You're planning to let your child fly solo across the country to visit a parent or grandparent for the holidays. Should you be worried? I say "no," given the...

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You’re planning to let your child fly solo across the country to visit a parent or grandparent for the holidays. Should you be worried?

I say “no,” given the hundreds of thousands of children who fly annually with no bigger worry than what video to watch. But that doesn’t mean that a recent report about a 10-year-old Michigan girl flying to camp and missing her United Airlines connection at Chicago’s O’Hare Airport shouldn’t be a wake-up call for parents.

Depending on the airline, you’ll pay $50 to $200 per round-trip flight to make sure someone is watching over your child.

The United problem surfaced over its outsourcing to a contractor the job of escorting children between gates. When the girl’s flight landed in Chicago, the contractor apparently failed to show up, according to Associated Press reports. She missed her connection, but eventually made it to camp on another flight.

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United apologized, saying it regretted the confusion. Spokesman Charles Hobart said in an email that the airline “conducted a review of the matter and found that she was fully supervised during her entire time at O’Hare.” He declined to elaborate on United’s use of contractor escorts.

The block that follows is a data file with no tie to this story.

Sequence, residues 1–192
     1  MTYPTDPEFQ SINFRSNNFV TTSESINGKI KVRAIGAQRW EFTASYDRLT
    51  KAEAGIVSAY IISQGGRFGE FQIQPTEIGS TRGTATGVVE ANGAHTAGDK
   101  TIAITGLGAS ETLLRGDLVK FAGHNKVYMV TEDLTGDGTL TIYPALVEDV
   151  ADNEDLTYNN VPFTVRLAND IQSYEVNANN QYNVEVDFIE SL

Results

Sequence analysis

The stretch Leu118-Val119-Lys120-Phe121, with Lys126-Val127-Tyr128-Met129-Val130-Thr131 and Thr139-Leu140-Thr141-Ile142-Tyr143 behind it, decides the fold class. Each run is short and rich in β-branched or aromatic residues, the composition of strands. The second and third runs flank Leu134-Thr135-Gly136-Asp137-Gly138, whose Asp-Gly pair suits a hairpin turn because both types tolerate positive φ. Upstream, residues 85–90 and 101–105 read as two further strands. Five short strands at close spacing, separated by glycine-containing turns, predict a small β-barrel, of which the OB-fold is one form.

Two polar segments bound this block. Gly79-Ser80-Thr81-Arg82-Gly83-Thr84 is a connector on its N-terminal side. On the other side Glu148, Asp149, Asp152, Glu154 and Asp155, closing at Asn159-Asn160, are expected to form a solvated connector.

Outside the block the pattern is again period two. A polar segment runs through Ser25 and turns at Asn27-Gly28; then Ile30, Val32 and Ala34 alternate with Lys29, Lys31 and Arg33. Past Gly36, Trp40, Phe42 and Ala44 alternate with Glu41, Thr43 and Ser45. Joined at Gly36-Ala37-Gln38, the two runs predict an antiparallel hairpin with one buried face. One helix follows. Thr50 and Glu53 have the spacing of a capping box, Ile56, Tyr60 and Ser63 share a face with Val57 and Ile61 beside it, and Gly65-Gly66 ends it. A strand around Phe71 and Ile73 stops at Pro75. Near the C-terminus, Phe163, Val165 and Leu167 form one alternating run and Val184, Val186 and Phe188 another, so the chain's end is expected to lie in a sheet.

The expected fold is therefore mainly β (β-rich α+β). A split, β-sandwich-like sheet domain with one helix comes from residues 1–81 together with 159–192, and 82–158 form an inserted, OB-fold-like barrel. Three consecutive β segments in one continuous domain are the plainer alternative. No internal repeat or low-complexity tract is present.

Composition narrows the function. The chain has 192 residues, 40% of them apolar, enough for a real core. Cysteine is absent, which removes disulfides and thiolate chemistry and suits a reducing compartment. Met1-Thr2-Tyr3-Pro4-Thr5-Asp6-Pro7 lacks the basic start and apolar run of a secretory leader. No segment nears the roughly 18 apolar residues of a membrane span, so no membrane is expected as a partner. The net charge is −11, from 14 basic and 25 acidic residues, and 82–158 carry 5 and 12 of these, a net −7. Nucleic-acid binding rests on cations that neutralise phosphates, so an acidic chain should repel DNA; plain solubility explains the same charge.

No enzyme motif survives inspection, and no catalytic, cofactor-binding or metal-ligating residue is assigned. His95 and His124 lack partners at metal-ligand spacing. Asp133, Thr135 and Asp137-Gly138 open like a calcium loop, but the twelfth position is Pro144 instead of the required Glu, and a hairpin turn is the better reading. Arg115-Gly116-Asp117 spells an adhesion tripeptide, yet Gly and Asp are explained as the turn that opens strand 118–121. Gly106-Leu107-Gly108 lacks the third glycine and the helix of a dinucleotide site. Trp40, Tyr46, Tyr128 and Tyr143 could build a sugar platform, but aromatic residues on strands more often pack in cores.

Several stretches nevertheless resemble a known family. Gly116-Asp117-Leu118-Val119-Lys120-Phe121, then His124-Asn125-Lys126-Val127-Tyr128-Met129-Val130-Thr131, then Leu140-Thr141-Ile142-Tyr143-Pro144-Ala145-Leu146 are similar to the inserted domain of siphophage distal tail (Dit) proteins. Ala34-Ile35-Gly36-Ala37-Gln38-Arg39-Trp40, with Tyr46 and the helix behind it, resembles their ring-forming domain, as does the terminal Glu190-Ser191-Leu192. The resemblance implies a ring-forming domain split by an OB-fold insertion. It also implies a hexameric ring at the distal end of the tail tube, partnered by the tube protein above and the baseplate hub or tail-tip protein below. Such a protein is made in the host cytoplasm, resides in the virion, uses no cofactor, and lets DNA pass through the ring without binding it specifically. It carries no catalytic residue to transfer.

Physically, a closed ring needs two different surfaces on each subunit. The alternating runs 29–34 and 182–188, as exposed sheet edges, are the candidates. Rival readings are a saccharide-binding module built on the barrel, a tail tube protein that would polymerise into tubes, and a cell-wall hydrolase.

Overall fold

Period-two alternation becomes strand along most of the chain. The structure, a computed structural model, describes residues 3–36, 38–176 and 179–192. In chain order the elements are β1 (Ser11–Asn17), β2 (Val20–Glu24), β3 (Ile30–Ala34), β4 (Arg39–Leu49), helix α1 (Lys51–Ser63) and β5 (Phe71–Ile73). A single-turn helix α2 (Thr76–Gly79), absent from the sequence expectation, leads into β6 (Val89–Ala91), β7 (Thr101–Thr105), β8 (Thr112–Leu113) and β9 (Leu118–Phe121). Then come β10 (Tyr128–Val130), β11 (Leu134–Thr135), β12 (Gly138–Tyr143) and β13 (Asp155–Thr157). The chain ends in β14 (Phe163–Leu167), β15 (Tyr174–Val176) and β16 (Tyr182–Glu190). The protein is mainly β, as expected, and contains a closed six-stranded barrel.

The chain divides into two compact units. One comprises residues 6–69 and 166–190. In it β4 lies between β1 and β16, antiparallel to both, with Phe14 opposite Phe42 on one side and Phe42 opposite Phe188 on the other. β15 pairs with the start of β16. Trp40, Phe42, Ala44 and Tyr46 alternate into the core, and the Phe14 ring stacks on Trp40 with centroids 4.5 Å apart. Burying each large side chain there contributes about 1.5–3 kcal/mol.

Seattle-based Alaska Airlines as well as Delta and American also rely on outside contractors, as well as their own staff, depending on the airport.

Southwest, JetBlue and Virgin America use their own employees as escorts.

In Seattle, Alaska Airlines, which expects to transport 70,000 minors this year, up 14 percent from 2011, uses personnel from Bags Inc., a company that provides its skycap and wheelchair services.

“We have not had any issues in the two years we’ve worked with Bags,” said spokeswoman Marianne Lindsey. There are, of course, lots of other variables on how airlines handle the increasing numbers of children flying alone.

Consider the following, then check your airline’s website for details:

Age: Policies differ on how old a child has to be to fly alone without paying an unaccompanied-minor fee.

Alaska requires the unaccompanied-minor service for children 5-12, with a $25 fee each way for nonstops and $50 for connecting flights. Delta ($100 each way) and Virgin ($75-$125) require it for ages 5-14. Southwest ($50) and United ($99) make it mandatory for those 11 and younger. No airline allows children younger than 5 to fly alone.

Flights and times: Plan on a nonstop or direct (meaning a stop but no change of planes) flight if your child is younger than 7. Most airlines allow only older children to fly solo on connecting flights. Virgin restricts all unaccompanied minors to nonstops.

Red-eye flights are out in most cases as are the last flights of the day.

Weather: All bets are off when severe weather disrupts flights. Alaska stopped accepting unaccompanied children last winter when it precanceled some flights due to storms. Flights to or from Sun Valley, Idaho, are off-limits to minors traveling alone between December and April.

Supervision: Airlines provide escorts on and off planes and between gates and take responsibility for making sure the parent or guardian picking up the child is who they say they are.

Alaska has a waiting room at Sea-Tac for children on connecting flights. Delta maintains Sky Zone lounges in some airports (none in the Northwest) that are equipped with books, snacks, games and phones.

Carol Pucci:

Web/blog: Twitter: @carolpucci

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